Creating an energy policy is a key step in formalizing your organization's commitment to saving energy. After all, you’ll be much more likely to achieve lasting results when energy efficiency is integrated as a core element of your organization’s business practices.

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Creating an energy policy is a key step in formalizing your organization's commitment to saving energy. After all, you’ll be much more likely to achieve lasting results when energy efficiency is integrated as a core element of your organization’s business practices.

Issued by Beacon Capital Partners’ President, Fred Seigel, in 2008, Beacon’s Energy Policy resulted in sustainability becoming a core value integral to all the organization does.

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Balance Engineering identifies $3 million in energy savings at Lilly facility.

This report by the Institute for Market Transformation is intended to serve as a guide for policymakers and multifamily stakeholders on benchmarking and disclosure rules and regulations. It provides an introduction to the multifamily housing sector, followed by a thorough review of existing benchmarking and disclosure policies and an assessment of continuing policy challenges and opportunities.

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This report by the Institute for Market Transformation shows how a new kind of energy policy is creating skilled, export-proof jobs in cities across the United States. Under this type of policy, called building energy rating and disclosure, owners of large buildings track exactly how much energy their properties use. Armed with this information, they can make changes that reduce their utility bills and those of their tenants—helping everyone’s bottom line. Within the report are profiles of business leaders who are adding jobs and expanding their client rosters.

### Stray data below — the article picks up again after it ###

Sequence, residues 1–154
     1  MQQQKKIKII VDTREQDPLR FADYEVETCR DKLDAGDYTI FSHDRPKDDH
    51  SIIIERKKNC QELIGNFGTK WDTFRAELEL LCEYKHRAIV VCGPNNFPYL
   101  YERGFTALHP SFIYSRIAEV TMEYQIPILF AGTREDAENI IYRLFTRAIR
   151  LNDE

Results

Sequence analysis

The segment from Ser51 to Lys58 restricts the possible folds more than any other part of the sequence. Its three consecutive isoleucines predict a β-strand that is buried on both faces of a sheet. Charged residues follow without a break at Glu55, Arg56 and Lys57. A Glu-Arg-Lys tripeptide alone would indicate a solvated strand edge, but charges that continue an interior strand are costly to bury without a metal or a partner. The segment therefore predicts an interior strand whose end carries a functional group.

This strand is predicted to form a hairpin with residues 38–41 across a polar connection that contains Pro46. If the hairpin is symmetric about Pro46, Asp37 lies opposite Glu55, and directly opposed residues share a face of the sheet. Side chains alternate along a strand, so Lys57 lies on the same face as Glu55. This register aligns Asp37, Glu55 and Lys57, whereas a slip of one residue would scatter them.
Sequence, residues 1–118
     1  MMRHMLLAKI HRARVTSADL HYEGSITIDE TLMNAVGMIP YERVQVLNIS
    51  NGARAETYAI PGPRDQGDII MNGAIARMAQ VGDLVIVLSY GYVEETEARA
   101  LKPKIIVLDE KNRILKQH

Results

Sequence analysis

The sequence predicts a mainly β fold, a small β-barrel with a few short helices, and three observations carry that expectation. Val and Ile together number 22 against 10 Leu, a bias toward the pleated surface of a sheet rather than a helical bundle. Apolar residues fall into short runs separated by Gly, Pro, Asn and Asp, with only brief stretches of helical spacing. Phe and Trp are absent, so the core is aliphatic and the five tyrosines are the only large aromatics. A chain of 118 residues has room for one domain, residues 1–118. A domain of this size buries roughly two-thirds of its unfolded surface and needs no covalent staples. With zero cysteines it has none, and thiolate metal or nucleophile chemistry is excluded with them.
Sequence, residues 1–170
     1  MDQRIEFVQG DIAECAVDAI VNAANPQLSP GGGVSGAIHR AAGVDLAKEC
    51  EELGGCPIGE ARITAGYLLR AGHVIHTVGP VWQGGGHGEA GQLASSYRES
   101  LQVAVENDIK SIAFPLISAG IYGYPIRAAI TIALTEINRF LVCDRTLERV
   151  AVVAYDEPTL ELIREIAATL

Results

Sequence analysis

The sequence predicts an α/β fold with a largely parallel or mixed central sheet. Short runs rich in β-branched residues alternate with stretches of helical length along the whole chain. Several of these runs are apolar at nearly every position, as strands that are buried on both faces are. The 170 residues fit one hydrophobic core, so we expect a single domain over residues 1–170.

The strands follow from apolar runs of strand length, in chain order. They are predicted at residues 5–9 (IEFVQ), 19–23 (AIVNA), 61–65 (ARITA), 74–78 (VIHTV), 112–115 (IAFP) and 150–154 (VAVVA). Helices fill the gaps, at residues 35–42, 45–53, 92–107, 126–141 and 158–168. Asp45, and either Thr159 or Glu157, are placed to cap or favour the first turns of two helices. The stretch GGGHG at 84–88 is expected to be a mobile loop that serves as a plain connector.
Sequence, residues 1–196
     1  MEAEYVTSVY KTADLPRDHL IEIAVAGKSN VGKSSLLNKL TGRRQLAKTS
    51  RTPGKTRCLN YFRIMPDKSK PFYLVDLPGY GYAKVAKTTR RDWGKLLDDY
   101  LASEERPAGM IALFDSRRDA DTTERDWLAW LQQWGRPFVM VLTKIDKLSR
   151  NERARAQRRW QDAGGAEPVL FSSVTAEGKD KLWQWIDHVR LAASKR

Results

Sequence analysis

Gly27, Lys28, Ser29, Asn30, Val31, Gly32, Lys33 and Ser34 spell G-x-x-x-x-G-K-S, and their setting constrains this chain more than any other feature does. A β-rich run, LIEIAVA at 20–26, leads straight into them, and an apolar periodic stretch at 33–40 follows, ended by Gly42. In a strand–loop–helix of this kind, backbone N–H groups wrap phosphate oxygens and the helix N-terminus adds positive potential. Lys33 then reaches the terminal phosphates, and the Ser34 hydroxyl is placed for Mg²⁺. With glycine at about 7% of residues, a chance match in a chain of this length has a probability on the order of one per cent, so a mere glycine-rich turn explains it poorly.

This report is an outcome of a roundtable convened in late 2010 by the IMT and senior policy implementers from 10 states and cities,  national building energy efficiency experts, and leaders from the commercial real estate industry. The purpose was to discuss best practices for implementing commercial building benchmarking and disclosure policies. Many of these approaches have broad applicability both to current policy implementers and to those that may implement rating and disclosure policies in the future.

This study, by the Institute for Market Transformation and the Political Economy Research Institute (PERI) at the University of Massachusetts, Amherst, analyzes the potential of a national building energy rating and disclosure policy to create jobs and reduce energy-related expenditures in commercial and multifamily residential buildings.

This study, co-authored by Co-Star and Burnham-Moores Center for Real Estate, provides some comparison data on ENERGY STAR and LEED certified buildings versus non-ENERGY STAR or Non-LEED certified office property from the entire United States using the CoStar data base. The results show the financial benefits of investing in sustainable real estate.

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This report from the U.S. Green Building Council explains how high performing buildings show proven cost-effectiveness, boost employee productivity, enhance tenant health, reduce liability for owners, and increase a building's property value. Certification programs like LEED and ENERGY STAR are creating common benchmarks, support tools and opportunities for the public which offer market differentiation and create higher value for buildings.